Contrast-enhanced conebeam CT shows promise for breast biopsy

By Amerigo Allegretto, staff writer

March 2, 2023 -- Contrast-enhanced conebeam CT (CBCT) imaging could serve as an alternative to MRI guidance when it comes to vacuum-assisted breast biopsy, suggest findings presented on 1 March at ECR 2023.

In her discussion, Dr. Alma Hoxhaj from Radbound University Medical Center in the Netherlands presented her team's findings, which showed that CBCT that uses contrast agents have comparable success to MRI guidance but also fast intervention times.

CBCT is a relatively new breast imaging technique where a patient lies on their stomach and the breast is inserted into a hole. From there, the conebeam-shaped x-ray rotates around the breast for image acquisition. Research has shown that it is useful in diagnosing lesions and cancer staging, as well as therapy response monitoring. With an add-on device, it can also be used for CT-guided interventions.

However, studies that Hoxhaj and colleagues cited did not use contrast agents to enhance imaging. The researchers wanted to explore this concept for breast biopsy, looking at the feasibility, success rate, and intervention time of contrast-enhanced CBCT in phantom models.

They used four different phantoms in their analysis: chicken breast, bananas, kiwis, and breast. Iodinated olives were used to mimic suspected lesions. A nine-gauge, vacuum-assisted biopsy system was used for the test.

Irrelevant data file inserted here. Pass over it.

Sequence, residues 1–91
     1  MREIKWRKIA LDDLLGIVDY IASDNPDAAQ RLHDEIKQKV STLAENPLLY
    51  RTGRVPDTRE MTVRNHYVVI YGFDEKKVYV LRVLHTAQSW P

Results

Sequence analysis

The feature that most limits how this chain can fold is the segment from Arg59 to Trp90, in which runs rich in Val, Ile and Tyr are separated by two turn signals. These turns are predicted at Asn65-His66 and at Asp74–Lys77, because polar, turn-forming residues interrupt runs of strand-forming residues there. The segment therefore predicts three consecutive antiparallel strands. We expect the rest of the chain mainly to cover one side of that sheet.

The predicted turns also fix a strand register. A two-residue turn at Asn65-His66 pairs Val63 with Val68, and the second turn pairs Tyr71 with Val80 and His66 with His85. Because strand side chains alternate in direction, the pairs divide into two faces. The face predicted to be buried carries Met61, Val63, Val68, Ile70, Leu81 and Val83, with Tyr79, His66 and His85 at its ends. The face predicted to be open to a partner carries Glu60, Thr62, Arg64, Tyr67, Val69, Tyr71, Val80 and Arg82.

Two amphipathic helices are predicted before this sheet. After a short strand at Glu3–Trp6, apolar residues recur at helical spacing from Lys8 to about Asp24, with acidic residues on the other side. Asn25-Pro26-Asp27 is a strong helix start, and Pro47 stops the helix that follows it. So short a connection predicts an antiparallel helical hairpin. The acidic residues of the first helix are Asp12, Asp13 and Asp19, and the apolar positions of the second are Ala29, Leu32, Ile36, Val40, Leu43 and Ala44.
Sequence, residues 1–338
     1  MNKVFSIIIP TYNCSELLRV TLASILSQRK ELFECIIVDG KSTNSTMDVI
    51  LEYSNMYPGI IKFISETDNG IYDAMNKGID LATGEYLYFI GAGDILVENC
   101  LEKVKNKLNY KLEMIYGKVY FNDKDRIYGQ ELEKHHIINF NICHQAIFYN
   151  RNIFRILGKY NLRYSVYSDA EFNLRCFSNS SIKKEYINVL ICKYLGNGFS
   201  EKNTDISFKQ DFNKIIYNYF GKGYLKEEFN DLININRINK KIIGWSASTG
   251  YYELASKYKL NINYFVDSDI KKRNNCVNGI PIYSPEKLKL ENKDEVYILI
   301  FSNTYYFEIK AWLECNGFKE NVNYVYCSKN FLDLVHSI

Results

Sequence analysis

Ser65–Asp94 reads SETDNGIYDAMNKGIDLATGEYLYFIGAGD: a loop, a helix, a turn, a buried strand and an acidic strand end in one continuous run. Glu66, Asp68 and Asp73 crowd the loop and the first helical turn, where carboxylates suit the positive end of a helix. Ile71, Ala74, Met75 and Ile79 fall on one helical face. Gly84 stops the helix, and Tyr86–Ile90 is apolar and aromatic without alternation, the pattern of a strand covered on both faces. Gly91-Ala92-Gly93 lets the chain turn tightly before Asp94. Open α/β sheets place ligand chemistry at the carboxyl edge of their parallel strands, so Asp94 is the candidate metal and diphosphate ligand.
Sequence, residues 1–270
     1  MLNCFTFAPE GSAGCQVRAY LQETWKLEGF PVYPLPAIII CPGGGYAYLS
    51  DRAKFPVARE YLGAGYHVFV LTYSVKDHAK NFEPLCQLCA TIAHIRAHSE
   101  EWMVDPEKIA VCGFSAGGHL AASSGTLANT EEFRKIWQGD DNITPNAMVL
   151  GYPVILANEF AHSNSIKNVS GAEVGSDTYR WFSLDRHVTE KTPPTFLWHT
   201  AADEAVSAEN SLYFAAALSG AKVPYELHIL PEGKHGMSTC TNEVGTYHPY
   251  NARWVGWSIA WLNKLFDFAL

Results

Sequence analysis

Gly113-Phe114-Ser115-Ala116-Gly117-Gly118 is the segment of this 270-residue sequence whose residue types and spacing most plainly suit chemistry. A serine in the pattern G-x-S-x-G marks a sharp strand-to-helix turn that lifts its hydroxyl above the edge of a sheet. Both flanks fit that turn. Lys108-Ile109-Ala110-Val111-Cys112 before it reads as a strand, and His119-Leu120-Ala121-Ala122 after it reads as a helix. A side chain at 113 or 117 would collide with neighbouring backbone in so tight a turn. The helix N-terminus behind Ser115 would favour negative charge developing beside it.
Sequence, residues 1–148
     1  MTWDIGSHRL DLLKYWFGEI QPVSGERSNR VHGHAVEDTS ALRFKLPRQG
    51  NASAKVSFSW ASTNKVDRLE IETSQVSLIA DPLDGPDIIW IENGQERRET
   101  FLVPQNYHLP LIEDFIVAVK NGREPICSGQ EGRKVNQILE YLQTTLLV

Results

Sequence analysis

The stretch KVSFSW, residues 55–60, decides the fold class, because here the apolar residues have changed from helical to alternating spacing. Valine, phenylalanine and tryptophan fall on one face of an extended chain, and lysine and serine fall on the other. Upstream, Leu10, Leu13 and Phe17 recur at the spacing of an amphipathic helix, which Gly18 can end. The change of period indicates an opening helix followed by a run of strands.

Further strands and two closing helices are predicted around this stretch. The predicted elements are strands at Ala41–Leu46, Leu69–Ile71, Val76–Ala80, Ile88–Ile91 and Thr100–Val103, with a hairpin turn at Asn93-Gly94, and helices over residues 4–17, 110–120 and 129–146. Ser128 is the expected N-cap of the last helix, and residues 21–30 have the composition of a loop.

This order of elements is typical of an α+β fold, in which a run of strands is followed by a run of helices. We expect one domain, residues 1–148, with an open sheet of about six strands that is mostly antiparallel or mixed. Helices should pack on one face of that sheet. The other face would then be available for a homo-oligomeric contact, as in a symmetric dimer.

Alma Hoxhaj from Radbound University Medical Center in the Netherlands presents her team
Dr. Alma Hoxhaj from Radbound University Medical Center in the Netherlands presents her team's results showing the promise of contrast-enhanced CBCT in breast biopsy settings. The team used phantom models for the study.

The team performed 10 vacuum-assisted biopsies in 10 phantom lesions and had a technical success rate of 100%. This surpassed the success rate seen in a 2023 study that examined MRI-guided breast biopsies, which had a range of 87% to 99%.

However, for their test of 12 targeting attempts, the researchers did two needle repositionings on the kiwi model since the distance to the target lesion was not within 5 mm. This results in an accuracy of 90%.

The researchers also found that the median identification and targeting time was 11.5 minutes. Also, the median tissue sampling time was 10.5 minutes, and the median total intervention time was 22.5 minutes, with the highest for the latter being 27.7 minutes. The intervention time was "substantially" quicker than a 2010 study by Malhaire et al, which had a median intervention time of about 72 minutes for MRI-guided breast biopsy.

Additionally, the median size of the biopsy cavity was 14.5 mm. This included a range of 12.5 mm to 17.5 mm.

"For these 'lesions,' when we performed the control scan that we usually do at the end of the procedure, the location of the biopsy cavity was at the side of the lesion itself," Hoxhaj said.

She added that while contrast-enhanced CBCT yields promise in this setting, studies in real patients are needed to confirm their results.

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